Higher-than-expected revenue allowed the legislature this year to - reluctantly - expand the Regional Cities initiative from $84 million to $126 million. Northeast Indiana, South Bend and Evansville each now have $42 million available for regional development programs. About $30 million will go to the state pension fund; $6 million to support Amtrak service between Indianapolis and Chicago. About $26 million is unappropriated.
The amnesty program didn't come without its own costs, however. The state hired Navient Corp., the nation's largest student loan collector, to run the program in exchange for a share of the take.
Navient, created from Sallie Mae's split, last year topped the list of private companies named in complaints lodged with the federal Consumer Financial Protection Bureau.
Navient's tactics in collecting delinquent Indiana taxes certainly were troubling. Late last year, about 150,000 individuals received letters suggesting they might have "under reported taxable income." Most did not. The company simply cast a wide net to drum up response for the amnesty program,
Responding to calls from worried taxpayers and accountants, the Department of Revenue said the letters were all "an unintended consequence" and asked Navient to send those taxpayers a second letter apologizing for the first one. A department spokeswoman said the loan collector didn't follow protocol and failed to have its mailing lists approved by the state.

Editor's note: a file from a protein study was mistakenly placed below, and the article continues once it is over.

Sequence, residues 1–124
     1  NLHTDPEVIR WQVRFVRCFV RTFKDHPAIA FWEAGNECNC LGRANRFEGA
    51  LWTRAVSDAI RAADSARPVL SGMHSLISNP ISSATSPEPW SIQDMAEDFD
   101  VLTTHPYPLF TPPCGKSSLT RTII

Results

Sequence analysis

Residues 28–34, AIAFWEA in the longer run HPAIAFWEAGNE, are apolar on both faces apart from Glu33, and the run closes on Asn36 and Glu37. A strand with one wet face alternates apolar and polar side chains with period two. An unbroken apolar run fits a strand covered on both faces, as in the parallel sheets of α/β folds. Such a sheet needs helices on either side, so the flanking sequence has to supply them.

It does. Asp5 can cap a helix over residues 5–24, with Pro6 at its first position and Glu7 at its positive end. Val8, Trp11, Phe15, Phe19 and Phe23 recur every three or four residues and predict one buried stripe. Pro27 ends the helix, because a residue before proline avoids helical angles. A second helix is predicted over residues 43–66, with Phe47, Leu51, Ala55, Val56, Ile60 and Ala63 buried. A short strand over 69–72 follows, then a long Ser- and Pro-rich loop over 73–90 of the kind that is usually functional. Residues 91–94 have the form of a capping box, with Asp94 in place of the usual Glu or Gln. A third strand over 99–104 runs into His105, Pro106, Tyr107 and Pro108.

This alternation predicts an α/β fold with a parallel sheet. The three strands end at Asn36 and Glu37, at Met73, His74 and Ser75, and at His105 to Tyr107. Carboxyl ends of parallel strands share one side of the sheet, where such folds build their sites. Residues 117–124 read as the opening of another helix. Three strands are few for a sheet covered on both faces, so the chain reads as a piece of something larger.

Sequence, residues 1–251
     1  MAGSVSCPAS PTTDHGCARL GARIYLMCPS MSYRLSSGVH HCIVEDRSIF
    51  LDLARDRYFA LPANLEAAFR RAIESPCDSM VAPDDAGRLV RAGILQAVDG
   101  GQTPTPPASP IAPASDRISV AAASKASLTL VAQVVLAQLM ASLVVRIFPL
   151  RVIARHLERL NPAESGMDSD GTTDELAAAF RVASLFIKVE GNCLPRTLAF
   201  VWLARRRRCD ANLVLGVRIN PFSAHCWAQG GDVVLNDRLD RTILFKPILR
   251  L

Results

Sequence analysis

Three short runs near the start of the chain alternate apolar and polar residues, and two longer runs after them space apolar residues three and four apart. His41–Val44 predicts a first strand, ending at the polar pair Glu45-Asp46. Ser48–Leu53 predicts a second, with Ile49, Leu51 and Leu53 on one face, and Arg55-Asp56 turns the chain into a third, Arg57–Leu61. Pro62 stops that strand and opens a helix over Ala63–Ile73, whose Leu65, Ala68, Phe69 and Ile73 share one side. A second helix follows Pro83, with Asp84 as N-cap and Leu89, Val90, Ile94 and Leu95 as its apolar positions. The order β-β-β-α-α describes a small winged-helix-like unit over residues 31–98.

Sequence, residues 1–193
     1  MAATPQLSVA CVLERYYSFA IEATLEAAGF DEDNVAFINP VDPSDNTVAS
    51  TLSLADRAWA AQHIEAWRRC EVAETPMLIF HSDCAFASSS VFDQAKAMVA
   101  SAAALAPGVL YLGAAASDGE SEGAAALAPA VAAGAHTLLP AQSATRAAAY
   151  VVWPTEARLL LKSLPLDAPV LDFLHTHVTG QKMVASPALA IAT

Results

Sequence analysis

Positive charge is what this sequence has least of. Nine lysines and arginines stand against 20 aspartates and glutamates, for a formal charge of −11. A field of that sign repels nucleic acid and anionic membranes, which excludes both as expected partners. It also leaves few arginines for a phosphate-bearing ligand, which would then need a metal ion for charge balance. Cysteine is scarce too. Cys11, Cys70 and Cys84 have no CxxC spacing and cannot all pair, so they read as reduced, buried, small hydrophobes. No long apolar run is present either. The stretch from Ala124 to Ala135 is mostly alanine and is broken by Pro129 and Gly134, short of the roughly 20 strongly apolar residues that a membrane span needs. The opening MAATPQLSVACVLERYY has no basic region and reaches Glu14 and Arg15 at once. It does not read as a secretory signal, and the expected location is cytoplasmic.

The tax amnesty report doesn't mention Navient's ill-advised fishing expedition, but an executive summary by Department of Revenue Commissioner Andrew Kossack hails the "dedication, commitment, and professionalism of state employees" in successfully planning and effectively executing the program, which cost about $6.6 million to administer, including payment to Navient of at least $4 million.
The $188.5 million collected still leaves almost $356 million in estimated outstanding tax liabilities, however. "The department is vigorously pursuing 850,000 tax bills, totaling more than $1 billion in unpaid taxes, penalty and interest," according to the report. The revenue department's collections, audit and enforcement divisions "continue pursuit of unpaid taxes through normal department procedures."
Collection prospects don't look strong, however. If tax scofflaws didn't take advantage of an amnesty program, they likely aren't prepared to step up now and meet their obligations, especially with penalties attached. The state also has exhausted the tax amnesty route, at least for another decade, as a source of Regional Cities money.
Going forward, stepped-up efforts on tax collection will give Indiana more money to support development across the state. It might be "smart" for taxpayers to find ways to avoid paying, but smart government demands all pay their fair share.